- Tony Hsieh, the late Zappos founder, created a way to handle the “unending treadmill” of his inbox.
- He would only respond to emails received the day before, a technique he called “yesterboxing.”
- I regularly receive between 60 and 100 emails a day – so I put Hsieh’s technique to the test.
Email overload can feel like a perpetual struggle.
A 2016 experiment, which compared the email habits of 40 staffers over 12 days, found that each worker checked their inbox 77 times a day, on average. Some checked it as many as 100 times.
Email can also be distracting and leave people feeling that they’ve always got to respond. I know how this feels first-hand. On any given day, I have between 60-100 unread emails. These are mostly irrelevant pitches sent by PRs or other organizations looking for coverage.
To cope with the flood, I let them accumulate. Then when I have time, I sift through them and respond en masse to those worth following up.
This helps me focus on other things but it’s imperfect. I sometimes miss urgent requests or reply later than needed.
Using former Google CEO Eric Schmidt’s email productivity hack helped me cut down a post-vacation backlog. In search of a more efficient technique, I studied the tactics of another successful entrepreneur: the late Tony Hsieh, founder of shoe company Zappos.
Hsieh developed the “yesterbox” system. The premise is simple: unless it’s urgent, only respond to emails you received the day before. That way you know exactly how many you have to get through. “Unless it can’t wait 48 hours, they are not your problem today,” Hsieh wrote in a 2013 LinkedIn post.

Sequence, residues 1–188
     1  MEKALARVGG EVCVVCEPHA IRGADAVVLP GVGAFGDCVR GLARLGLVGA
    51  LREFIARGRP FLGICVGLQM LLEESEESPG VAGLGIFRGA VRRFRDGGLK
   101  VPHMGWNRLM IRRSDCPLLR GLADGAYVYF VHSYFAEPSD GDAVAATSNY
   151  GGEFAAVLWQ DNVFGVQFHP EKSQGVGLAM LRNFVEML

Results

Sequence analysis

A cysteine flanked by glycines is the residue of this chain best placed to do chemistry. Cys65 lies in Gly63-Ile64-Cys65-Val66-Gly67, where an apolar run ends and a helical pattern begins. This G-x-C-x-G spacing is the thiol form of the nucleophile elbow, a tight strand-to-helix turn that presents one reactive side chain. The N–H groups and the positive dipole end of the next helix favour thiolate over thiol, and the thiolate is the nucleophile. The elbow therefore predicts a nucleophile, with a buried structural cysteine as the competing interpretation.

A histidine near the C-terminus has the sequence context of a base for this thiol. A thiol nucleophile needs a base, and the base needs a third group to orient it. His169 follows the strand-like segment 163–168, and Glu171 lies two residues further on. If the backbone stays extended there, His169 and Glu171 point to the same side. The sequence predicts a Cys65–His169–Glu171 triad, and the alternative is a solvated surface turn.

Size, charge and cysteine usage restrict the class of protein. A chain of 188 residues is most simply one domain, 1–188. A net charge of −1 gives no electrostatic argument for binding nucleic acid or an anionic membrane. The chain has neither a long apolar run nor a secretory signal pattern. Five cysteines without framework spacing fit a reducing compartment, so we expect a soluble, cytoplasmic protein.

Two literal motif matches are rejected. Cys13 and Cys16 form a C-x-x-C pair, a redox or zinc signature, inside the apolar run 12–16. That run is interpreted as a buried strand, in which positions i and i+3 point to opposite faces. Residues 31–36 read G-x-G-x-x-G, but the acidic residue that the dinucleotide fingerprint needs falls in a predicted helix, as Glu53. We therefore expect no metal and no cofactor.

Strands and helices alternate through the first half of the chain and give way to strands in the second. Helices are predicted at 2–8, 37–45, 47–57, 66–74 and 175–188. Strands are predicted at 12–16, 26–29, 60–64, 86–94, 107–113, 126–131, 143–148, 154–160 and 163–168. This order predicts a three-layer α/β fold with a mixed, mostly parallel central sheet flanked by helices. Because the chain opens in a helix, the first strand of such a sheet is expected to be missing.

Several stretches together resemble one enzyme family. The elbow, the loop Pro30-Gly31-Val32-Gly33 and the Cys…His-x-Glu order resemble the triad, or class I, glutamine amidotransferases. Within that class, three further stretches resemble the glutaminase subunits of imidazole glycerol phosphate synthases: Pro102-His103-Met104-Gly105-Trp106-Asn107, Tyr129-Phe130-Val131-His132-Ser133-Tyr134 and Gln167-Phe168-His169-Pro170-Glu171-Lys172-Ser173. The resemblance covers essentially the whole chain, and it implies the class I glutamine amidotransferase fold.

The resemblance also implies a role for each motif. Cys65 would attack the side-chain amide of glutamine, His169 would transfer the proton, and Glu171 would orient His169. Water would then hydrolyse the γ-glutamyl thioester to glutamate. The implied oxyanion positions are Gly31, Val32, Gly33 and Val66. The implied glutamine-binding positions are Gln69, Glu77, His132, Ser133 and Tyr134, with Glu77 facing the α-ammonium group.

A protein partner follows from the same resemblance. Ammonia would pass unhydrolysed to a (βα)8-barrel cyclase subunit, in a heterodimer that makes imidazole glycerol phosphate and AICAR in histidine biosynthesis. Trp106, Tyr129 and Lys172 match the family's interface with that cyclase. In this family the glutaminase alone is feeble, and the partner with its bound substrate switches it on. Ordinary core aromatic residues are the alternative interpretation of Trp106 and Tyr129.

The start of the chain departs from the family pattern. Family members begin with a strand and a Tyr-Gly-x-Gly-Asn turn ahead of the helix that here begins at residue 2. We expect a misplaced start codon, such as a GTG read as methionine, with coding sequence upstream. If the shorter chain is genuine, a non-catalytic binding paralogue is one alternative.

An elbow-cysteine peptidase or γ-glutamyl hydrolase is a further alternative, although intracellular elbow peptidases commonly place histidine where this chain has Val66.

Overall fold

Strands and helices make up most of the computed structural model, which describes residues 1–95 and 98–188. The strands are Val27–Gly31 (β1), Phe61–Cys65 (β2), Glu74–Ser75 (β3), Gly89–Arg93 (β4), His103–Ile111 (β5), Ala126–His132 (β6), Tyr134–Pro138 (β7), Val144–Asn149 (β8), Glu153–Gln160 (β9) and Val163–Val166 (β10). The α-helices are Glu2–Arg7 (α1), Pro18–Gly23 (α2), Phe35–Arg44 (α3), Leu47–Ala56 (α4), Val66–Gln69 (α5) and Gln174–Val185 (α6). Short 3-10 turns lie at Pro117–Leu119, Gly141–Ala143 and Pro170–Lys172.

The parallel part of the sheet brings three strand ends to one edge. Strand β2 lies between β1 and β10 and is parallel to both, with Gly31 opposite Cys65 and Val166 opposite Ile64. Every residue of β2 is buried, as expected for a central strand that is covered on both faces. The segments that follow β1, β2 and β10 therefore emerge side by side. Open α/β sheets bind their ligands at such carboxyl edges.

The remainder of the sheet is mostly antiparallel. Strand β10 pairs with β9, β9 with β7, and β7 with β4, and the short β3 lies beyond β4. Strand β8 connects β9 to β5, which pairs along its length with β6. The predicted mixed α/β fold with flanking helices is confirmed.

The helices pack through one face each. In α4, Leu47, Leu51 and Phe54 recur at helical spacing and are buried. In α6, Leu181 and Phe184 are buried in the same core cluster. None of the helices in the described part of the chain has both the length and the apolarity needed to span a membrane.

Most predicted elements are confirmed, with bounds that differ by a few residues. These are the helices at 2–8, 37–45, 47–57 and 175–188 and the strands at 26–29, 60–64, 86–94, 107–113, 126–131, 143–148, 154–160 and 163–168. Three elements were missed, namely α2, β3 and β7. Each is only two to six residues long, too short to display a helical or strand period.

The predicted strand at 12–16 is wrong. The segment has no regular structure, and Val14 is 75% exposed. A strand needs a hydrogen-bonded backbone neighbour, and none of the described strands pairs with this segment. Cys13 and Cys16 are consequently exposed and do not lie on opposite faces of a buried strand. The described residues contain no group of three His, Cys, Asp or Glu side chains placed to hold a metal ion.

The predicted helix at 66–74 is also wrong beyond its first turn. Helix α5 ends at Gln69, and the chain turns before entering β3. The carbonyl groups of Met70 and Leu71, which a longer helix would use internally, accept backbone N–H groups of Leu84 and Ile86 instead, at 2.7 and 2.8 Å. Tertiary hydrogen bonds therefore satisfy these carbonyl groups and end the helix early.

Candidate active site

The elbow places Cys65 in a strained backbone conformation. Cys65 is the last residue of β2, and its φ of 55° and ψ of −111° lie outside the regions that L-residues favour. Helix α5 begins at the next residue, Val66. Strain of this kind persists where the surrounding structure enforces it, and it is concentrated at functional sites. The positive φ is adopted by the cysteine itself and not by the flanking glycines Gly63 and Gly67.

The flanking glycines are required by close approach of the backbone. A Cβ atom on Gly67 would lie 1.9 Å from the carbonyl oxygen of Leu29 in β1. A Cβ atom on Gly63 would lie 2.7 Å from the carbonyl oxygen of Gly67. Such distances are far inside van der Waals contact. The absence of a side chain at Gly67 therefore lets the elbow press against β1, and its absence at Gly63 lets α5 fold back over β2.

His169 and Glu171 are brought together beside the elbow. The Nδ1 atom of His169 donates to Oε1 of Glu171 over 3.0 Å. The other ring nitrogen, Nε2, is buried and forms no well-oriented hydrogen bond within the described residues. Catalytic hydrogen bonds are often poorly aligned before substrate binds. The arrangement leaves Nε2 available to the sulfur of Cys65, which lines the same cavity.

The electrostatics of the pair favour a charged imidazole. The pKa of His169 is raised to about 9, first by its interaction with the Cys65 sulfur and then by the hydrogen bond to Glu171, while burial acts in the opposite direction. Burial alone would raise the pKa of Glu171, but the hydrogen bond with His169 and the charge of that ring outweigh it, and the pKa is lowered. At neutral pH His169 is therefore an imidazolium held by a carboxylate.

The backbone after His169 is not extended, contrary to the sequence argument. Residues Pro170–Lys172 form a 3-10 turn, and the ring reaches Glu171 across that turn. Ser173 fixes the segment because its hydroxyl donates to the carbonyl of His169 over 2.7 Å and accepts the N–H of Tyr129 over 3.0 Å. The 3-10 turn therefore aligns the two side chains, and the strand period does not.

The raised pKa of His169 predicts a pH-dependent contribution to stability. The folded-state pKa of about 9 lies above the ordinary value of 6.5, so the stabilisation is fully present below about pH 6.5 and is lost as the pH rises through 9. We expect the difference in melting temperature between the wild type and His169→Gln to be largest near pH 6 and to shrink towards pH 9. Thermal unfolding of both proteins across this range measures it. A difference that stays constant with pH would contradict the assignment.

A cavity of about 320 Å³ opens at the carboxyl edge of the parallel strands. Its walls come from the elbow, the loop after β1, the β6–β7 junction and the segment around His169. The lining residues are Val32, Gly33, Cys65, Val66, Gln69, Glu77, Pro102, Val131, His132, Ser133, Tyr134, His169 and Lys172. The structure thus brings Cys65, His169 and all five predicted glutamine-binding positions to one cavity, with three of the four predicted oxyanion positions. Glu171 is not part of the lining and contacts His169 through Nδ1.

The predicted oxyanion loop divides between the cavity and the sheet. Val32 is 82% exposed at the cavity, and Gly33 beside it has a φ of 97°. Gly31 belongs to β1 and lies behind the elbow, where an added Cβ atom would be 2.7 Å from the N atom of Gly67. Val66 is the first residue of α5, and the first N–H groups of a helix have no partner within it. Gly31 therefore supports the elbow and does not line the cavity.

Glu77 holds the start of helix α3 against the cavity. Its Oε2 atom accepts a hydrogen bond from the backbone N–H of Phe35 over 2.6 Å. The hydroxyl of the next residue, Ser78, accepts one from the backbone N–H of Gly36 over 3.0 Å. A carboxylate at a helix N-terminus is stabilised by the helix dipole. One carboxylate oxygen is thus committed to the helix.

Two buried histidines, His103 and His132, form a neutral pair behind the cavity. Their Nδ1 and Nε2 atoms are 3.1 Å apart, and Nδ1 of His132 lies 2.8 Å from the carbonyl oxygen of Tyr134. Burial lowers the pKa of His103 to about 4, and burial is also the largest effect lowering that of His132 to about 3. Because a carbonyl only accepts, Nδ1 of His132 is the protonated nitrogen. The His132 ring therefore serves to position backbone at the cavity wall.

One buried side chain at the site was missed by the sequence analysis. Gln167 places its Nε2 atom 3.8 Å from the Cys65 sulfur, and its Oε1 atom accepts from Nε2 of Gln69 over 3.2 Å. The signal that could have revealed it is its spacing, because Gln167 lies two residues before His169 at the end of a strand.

He would answer, file, forward, or delete at least 10 of the previous day’s emails before tackling anything that needed urgently addressing. It took him around three hours to clear the previous day’s influx. If he took a vacation, he would schedule catchup time later but would always start with yesterday’s messages.
“Yesterboxing” helped Hsieh speed up response times and procrastinate less. I put it to the test for a few days.
It took a while to get used to but helped me feel more on top of my inbox.
Initially, it was hard to stop answering emails on the same day I received them. To get to yesterday’s, or even just check for pressing ones, meant inadvertently looking at the rest of my inbox.
This was something Hsieh himself acknowledged. He once told The Wall Street Journal that training himself not to answer emails that arrived that day was one of the toughest parts.
When I got used to resisting the temptation to reply – and finding the balance between spotting urgent emails – I found it really helpful for cutting them down.
The time it took to respond differed, depending on how many I received but generally, I cut through the backlog within an hour.
I definitely had a better idea of what was in my inbox. Sorting them every day meant that I missed less as well.
However, I still found it distracting and hard to maintain.
Hsieh said “yesterboxing” was designed to relieve a person from the “unending treadmill” of daily emails, but I found it did the exact opposite.
It still required going through emails, looking for urgent ones, sorting, deleting, or forwarding ones that needed passing on. It ended up being just as distracting. Sometimes, postponing important but non-urgent responses until the next day prolonged the feeling that I was neglecting them.
As email techniques go, there were helpful elements, but “yesterboxing” is probably best for roles where you receive a limited number of internal emails, rather than a constant deluge of uninvited, external contacts.
It probably becomes easier but ultimately, I favor Hsieh’s opinion that emails aren’t the most efficient mode of communication. “Anything urgent, I prefer to just use text messaging,” he said in 2016.